Burton and Speke made it back to Zanzibar on 4 March 1859, and left on 22 March for Aden. Speke immediately boarded HMS Furious for London, where he gave lectures, and was awarded a second expedition by the Society. Burton arrived London on 21 May, discovering "My companion now stood forth in his new colours, and angry rival." Speke additionally published What Led to the Discovery of the Source of the Nile (1863), while Burton's Zanzibar; City, Island, and Coast was eventually published in 1872.[13]: 307, 311–315, 491–492, 500 

Burton then departed on a trip to the United States in April 1860, eventually making it to Salt Lake City on 25 August. There he studied Mormonism and met Brigham Young. Burton departed San Francisco on 15 November, for the voyage back to England, where he published The City of the Saints and Across the Rocky Mountains to California.[13]: 332–339, 492 

Burton and Speke

Burton was the first European to see Lake Tanganyika

A prolonged public quarrel followed, damaging the reputations of both Burton and Speke. Some biographers have suggested that friends of Speke (particularly Laurence Oliphant) had initially stirred up trouble between the two.[31] Burton's sympathizers contend that Speke resented Burton's leadership role. Tim Jeal, who has accessed Speke's personal papers, suggests that it was more likely the other way around, Burton being jealous and resentful of Speke's determination and success. "As the years went by, [Burton] would neglect no opportunity to deride and undermine Speke's geographical theories and achievements".[32]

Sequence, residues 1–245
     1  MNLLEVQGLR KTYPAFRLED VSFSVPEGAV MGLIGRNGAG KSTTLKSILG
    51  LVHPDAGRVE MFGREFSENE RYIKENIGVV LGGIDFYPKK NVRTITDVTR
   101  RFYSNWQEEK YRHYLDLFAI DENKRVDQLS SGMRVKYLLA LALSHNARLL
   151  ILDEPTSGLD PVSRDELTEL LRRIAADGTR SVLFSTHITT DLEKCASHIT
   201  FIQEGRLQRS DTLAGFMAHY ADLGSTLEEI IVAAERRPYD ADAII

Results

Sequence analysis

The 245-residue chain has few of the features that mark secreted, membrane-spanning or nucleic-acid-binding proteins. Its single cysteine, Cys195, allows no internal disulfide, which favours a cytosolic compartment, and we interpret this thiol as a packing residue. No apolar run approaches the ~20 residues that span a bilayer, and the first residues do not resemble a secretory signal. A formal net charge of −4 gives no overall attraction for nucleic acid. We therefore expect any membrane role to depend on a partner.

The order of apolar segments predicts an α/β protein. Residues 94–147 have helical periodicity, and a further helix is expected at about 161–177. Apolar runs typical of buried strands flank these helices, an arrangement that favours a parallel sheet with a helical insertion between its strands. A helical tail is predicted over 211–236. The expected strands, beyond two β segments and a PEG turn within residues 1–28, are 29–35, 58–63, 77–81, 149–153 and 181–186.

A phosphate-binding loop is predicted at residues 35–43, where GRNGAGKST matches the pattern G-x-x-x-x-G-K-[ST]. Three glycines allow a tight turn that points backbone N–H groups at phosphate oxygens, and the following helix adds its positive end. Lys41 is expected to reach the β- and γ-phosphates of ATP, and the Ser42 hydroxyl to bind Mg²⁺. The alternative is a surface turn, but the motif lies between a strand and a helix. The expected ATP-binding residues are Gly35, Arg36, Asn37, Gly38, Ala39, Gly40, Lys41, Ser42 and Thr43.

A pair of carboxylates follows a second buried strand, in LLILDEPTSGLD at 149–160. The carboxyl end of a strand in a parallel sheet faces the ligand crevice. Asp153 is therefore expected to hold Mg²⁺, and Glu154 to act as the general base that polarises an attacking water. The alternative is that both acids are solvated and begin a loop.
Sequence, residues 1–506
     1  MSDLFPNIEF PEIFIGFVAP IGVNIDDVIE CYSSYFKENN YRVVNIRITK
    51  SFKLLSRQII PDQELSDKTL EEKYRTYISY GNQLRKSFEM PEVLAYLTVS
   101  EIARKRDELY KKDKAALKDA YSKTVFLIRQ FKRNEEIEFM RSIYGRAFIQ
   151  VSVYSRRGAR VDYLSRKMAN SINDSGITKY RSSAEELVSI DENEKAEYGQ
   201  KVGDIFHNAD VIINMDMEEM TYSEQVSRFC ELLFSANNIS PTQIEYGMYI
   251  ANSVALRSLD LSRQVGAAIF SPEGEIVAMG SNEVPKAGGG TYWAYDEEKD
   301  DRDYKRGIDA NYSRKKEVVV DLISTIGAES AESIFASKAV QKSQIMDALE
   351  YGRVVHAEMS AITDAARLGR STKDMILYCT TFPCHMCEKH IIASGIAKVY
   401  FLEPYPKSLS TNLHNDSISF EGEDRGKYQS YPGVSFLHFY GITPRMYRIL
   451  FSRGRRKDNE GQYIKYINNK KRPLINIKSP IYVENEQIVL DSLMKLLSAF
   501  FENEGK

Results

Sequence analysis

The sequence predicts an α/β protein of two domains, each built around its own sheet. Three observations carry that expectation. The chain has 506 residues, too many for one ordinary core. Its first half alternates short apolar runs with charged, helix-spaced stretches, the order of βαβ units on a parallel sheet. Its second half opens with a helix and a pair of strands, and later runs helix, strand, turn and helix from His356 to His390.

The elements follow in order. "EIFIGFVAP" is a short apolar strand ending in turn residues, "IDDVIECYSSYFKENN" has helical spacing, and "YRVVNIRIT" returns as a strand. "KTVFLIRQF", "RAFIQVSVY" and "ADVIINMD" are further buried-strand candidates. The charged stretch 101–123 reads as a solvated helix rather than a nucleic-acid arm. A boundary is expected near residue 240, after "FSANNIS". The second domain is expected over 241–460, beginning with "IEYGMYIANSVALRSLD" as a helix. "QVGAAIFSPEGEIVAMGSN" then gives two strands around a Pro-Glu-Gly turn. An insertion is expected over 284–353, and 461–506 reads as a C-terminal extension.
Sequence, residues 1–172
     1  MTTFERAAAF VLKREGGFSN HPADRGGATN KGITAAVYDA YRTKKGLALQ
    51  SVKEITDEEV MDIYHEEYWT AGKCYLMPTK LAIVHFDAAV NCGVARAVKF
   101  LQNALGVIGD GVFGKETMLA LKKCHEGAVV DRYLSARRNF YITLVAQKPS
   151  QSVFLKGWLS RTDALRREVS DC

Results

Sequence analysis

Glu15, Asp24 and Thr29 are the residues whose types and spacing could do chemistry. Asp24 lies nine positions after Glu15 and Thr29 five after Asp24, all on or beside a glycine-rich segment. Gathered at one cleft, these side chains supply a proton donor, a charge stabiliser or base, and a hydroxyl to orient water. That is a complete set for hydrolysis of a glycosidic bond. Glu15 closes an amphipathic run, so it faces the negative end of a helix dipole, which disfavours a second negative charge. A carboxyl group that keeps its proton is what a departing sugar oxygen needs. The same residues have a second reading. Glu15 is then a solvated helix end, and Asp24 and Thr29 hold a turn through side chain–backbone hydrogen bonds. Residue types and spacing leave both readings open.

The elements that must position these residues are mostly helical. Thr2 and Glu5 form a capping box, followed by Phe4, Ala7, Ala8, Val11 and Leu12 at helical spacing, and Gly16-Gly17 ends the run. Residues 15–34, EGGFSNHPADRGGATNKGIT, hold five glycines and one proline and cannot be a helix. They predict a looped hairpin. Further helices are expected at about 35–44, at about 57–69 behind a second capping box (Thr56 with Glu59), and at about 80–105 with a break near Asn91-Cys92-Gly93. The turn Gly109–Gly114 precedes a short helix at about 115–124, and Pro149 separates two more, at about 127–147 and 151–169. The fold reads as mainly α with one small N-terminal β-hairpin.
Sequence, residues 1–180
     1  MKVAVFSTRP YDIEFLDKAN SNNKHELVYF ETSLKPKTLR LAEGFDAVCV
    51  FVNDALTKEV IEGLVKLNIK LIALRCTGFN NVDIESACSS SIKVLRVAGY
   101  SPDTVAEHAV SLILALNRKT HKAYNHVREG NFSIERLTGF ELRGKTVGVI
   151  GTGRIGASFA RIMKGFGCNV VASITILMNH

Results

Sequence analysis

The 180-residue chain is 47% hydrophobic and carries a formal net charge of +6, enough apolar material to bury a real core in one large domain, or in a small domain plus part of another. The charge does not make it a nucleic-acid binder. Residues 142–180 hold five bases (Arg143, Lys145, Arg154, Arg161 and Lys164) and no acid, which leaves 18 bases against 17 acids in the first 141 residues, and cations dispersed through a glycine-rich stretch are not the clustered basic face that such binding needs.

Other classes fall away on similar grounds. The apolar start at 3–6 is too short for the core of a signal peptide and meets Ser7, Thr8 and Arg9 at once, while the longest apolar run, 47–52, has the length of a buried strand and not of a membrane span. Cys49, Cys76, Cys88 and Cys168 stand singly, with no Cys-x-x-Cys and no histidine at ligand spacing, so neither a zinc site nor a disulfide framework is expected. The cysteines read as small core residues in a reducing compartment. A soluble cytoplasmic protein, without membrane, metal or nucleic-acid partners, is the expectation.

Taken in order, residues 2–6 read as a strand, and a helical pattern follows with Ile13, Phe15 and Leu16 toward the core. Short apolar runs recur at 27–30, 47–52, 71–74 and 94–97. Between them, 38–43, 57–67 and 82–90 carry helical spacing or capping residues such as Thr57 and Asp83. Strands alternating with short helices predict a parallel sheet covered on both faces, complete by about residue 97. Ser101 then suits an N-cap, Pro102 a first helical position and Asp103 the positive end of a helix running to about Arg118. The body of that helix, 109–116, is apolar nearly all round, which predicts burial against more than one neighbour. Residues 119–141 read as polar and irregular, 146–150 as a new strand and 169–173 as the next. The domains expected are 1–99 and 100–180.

Speke had earlier proven his mettle by trekking through the mountains of Tibet, but Burton regarded him as inferior as he did not speak any Arabic or African languages. Despite his fascination with non-European cultures, some have portrayed Burton as an unabashed imperialist convinced of the historical and intellectual superiority of the white race, citing his involvement in the Anthropological Society, an organization that established a doctrine of scientific racism.[33][34] Speke appears to have been kinder and less intrusive to the Africans they encountered, and reportedly fell in love with an African woman on a later expedition.[35]

The two men travelled home separately. Speke returned to London first and presented a lecture at the Royal Geographical Society, claiming Lake Victoria as the source of the Nile. According to Burton, Speke broke an agreement they had made to give their first public speech together. Apart from Burton's word, there is no proof that such an agreement existed, and most modern researchers doubt that it did. Tim Jeal, evaluating the written evidence, says the odds are "heavily against Speke having made a pledge to his former leader".[36]